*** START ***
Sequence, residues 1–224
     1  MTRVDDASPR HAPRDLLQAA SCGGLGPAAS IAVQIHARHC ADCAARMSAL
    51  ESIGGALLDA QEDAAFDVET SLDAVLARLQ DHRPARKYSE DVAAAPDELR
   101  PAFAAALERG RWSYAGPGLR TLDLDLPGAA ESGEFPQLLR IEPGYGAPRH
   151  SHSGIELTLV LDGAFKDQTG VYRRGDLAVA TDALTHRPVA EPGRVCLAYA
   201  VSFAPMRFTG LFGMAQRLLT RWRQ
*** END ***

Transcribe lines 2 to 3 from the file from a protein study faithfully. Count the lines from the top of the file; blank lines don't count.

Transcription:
     1  MTRVDDASPR HAPRDLLQAA SCGGLGPAAS IAVQIHARHC ADCAARMSAL
    51  ESIGGALLDA QEDAAFDVET SLDAVLARLQ DHRPARKYSE DVAAAPDELR